LONDON, Dec 6 (Reuters) - Ukraine could stay out of international capital bond markets altogether in 2019 if Kiev manages to raise enough concessional financing, a senior debt official told Reuters.
Escalating tensions between Moscow and Kiev, uncertainty over two sets of elections coming up next year in Ukraine and a generally difficult backdrop for emerging markets in recent months have put increased pressure on Ukraine’s dollar bonds.
After Russia impounded three Ukrainian navy ships in November, Ukraine’s debt yields spiked to more than 10 percent - a level that makes it unsustainable for Kiev to tap markets.
“Given how markets are in general now, and especially towards emerging market countries, it makes sense for us to prioritise concessional financing,” Yuriy Butsa, Ukraine’s government commissioner for public debt management told Reuters.
“If we have a significant amount of concessional financing, it may be an option to not issue a Eurobond at all,” he said, referring to funds from the European Union, World Bank and other bilateral or multilateral lenders.
“We will go to the market when conditions are favourable, but we expect the windows will be much narrower over the course of the next year.”
Presidential elections that pitch incumbent Petro Poroshenko against a number of other candidates, including opposition leader and political veteran Yulia Tymoshenko, are scheduled for March 31. Parliamentary elections are due at the end of October.
Ukraine - which passed its 2019 budget on November 23 - plans to borrow around $11 billion in total in 2019, the lion’s share from local debt markets, said Butsa.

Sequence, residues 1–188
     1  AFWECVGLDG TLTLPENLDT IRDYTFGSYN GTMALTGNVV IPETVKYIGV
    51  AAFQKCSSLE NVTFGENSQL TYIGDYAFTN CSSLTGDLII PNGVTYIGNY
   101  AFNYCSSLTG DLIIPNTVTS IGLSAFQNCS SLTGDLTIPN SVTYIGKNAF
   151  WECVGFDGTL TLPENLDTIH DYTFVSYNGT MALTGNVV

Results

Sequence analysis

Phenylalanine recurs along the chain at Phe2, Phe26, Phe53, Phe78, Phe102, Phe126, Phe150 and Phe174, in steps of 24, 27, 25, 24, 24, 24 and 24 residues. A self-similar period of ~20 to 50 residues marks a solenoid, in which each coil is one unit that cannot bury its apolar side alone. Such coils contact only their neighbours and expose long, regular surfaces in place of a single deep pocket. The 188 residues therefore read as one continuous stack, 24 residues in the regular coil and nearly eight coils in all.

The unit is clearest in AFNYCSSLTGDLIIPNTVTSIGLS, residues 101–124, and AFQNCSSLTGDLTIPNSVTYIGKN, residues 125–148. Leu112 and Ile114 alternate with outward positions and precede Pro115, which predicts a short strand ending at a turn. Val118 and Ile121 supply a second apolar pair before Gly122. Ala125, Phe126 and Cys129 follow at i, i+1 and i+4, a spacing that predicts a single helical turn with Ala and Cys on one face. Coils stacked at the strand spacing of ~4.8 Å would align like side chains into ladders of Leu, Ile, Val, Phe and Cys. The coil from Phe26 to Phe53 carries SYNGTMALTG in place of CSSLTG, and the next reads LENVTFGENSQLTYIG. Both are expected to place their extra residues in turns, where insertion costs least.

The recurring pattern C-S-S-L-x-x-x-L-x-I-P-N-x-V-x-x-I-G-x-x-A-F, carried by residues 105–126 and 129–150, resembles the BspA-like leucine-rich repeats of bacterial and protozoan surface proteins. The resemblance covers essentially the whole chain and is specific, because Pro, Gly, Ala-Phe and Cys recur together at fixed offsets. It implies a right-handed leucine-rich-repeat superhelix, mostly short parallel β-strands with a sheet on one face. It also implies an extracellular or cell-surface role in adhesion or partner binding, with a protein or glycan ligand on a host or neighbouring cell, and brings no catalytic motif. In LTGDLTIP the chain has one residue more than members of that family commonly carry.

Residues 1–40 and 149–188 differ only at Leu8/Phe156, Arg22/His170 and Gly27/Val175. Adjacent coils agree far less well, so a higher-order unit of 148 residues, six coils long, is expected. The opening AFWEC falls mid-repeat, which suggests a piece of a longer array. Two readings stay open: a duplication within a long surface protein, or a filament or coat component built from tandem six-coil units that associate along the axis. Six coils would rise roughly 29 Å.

The European Union already raised 500 million euros this week to lend to Ukraine while a second matching tranche is due before end-June, said Butsa. He expected a $750 million guarantee from the World Bank to be approved on Dec. 18.
If Ukraine did come to the international market in 2019, Butsa expected part of any bond sale to be in euro-denominated issues. While the EU accounts for 38 percent of Ukraine’s trade, only 8 percent of its debt is denominated in euros.
“We are also looking at the possibility to do another liability management of the sort we did in 2017 because we have some bigger repayments in 2020 and 2021, so if the conditions are good we can do that next year.”
Making local currency securities accessible through Clearstream, an international clearing system owned by German stock market operator Deutsche Boerse, should also increase the share of foreign investors in Ukraine’s local markets.
“We expect the Clearstream link to be established in February 2019,” said Butsa, adding international investors currently held just 1.7 percent of local currency-denominated bonds, a low figure compared to the likes of Egypt, where the share was around 20 percent.
“So you can see we have a lot of upsides, anything towards that would be good.” (Reporting by Karin Strohecker Editing by Peter Graff)